10 A more advanced class of management data comes either from industry-standard probes or from switches and routers that support functionality such as NetFlow or sflow. Whereas elementary management data can be used to quantify overall link utilization, this class of management data can be used to identify which network users or applications are consuming the bandwidth. The most advanced class of management data comes from probes that are specifically designed to capture this information. These probes capture management data from all aspects of the infrastructure and provide insight into a wide range of well-known, custom, and web based applications. This management data can be used to both measure the end-to-end performance, and report on the response time of critical business applications. As previously mentioned, one of barriers to the successfully implementation of service management is the combination of clutter and stove-piped data architectures. In order to better support the Business Unit Managers, IT organizations have to eliminate this barrier. The Financial Services Professional recognizes that the value that performance management currently provides to his company is limited by the difficulty in integrating the various sources of management data. However, he believes that performing the integration of that data in-house is not a viable long-term solution. What is needed is an industry solution that provides the ability to easily capture all three classes of management data in a common format and to allow a wide variety of performance management tools access to this data. Principle: A critical component of Unified Performance Management is the creation of a Unified Data Model. The Entertainment Professional is very optimistic relative to the improvements that he sees coming in performance management functionality. He believes that a Unified Data Model is possible and, as previously stated, he sees that the lack of this model as the biggest factor that currently inhibits the effective use of performance management. He has reservations about how soon he will have the ability to truly manage applications, but he is optimistic that new performance management tools will give him the ability to better manage networks and servers. 6. Summary IT organizations are challenged to continually demonstrate the value that they provide to Business Unit Managers. This challenge is more easily met by the company s applications developers than by its IT infrastructure organization as Business Unit Managers are much more likely to find value in applications than in the IT infrastructure. In order to respond to this challenge, many IT infrastructure organizations are attempting to deploy initiatives, such as Service Level Management, that position them to more clearly show the value that they provide to the company s business critical applications. However, the successful support of a company s business critical applications requires that the IT organization implement effective performance management. For a combination of technical and economic reasons, throwing bandwidth at performance problems will never result in effective performance management. In order to implement effective performance management, IT organizations must develop a new approach. This approach, which is referred to as Unified Performance Management, enables IT organizations to: Gather management data from multiple sources on a wide range of traffic types and applications and use this data for all service reporting and management Eliminate stovepipes and have all of the relevant performance management tools be able to access to a Unified Data Model Get reports that both identify a potential problem as well as provide accurate, actionable data 10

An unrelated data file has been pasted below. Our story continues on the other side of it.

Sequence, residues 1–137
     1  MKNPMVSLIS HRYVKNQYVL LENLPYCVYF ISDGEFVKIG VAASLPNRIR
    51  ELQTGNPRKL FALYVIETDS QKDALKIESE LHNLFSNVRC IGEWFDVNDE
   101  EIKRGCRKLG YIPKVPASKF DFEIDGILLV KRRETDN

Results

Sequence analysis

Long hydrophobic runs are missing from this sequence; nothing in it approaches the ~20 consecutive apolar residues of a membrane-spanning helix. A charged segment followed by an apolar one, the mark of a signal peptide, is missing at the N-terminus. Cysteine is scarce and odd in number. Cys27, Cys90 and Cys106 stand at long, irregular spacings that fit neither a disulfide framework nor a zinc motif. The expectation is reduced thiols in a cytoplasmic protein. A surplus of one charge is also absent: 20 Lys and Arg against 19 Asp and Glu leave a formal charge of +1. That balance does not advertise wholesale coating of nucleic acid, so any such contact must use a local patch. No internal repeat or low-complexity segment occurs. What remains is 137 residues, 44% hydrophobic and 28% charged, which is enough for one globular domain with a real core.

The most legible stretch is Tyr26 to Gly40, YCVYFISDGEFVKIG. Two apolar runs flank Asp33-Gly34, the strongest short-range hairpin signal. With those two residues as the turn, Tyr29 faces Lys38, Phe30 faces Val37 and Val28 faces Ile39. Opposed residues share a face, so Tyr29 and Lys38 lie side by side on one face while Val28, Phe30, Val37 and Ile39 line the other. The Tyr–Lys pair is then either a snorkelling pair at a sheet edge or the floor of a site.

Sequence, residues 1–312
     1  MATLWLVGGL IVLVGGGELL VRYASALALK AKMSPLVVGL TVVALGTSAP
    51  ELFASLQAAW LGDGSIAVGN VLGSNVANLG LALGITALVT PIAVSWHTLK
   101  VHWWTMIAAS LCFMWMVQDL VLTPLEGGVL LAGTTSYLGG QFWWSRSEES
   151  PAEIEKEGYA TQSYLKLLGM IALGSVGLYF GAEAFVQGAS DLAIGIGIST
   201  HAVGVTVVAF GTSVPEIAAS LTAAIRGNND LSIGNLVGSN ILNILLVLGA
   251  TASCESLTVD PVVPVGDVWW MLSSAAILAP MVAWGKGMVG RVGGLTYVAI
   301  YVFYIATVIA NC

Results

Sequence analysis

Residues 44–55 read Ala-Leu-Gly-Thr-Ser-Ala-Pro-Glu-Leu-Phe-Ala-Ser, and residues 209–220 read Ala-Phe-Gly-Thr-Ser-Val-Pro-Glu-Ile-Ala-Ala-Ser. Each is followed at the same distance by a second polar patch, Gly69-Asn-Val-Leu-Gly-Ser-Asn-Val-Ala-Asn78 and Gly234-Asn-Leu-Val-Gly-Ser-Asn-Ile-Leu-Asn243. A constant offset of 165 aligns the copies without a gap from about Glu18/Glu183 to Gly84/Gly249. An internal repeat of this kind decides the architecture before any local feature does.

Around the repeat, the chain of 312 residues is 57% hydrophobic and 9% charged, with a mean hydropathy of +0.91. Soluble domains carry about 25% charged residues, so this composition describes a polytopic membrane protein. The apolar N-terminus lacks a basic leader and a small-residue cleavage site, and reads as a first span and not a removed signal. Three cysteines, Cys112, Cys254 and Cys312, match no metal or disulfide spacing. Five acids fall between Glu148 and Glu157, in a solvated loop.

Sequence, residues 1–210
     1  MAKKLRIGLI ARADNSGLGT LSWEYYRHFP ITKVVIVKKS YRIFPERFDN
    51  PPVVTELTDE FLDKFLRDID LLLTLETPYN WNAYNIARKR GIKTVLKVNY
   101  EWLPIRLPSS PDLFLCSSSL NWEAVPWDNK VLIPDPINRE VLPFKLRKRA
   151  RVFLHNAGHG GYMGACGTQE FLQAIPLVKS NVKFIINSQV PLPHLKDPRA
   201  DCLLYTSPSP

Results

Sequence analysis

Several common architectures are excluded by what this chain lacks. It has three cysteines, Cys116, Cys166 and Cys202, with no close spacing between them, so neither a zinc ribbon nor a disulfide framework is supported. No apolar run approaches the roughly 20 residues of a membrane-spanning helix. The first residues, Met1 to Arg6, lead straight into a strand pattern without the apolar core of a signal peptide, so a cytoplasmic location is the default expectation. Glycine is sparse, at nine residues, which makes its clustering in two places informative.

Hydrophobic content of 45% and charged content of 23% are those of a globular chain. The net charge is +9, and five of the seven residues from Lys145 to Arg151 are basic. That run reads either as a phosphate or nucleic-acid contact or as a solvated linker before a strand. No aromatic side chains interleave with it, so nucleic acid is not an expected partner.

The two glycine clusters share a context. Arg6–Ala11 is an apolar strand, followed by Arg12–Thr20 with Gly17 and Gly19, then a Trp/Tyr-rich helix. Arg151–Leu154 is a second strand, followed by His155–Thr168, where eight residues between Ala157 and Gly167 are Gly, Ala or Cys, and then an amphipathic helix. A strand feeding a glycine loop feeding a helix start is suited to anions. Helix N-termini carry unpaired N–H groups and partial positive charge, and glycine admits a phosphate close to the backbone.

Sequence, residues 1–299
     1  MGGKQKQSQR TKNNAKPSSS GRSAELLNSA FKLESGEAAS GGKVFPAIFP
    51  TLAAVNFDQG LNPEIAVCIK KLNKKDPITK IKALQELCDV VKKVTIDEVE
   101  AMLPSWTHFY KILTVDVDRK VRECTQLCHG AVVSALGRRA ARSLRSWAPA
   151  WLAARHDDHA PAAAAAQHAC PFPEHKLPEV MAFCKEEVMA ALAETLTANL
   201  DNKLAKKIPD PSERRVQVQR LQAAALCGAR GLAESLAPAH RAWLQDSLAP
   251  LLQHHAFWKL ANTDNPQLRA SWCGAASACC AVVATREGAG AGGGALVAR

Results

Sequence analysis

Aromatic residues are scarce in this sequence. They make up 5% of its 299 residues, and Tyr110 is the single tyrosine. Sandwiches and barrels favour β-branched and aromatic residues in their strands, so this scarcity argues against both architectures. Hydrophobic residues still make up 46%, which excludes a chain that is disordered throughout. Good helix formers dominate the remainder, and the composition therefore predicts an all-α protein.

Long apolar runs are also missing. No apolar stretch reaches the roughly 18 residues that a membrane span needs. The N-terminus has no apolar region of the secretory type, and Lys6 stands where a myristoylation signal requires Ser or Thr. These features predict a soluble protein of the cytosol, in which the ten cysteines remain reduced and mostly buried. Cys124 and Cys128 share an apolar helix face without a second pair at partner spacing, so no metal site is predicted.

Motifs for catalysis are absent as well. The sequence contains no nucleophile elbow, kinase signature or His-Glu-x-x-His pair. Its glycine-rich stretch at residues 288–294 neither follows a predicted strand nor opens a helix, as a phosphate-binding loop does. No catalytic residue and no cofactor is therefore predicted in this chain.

11 As evidenced by the comments of The Entertainment Professional, there is reason to believe that Unified Performance Management will soon be a reality. He believes that some of the historical impediments to effective performance management, such as the lack of a Unified Data Model, will soon be eliminated and that he will soon be able to better manage his company s networks and servers. Jim Metzler is Vice President of Ashton, Metzler & Associates. Jim focuses on leveraging information technology for business success. 11

12 Ashton, Metzler & Associates Leverage Technology & Talent for Success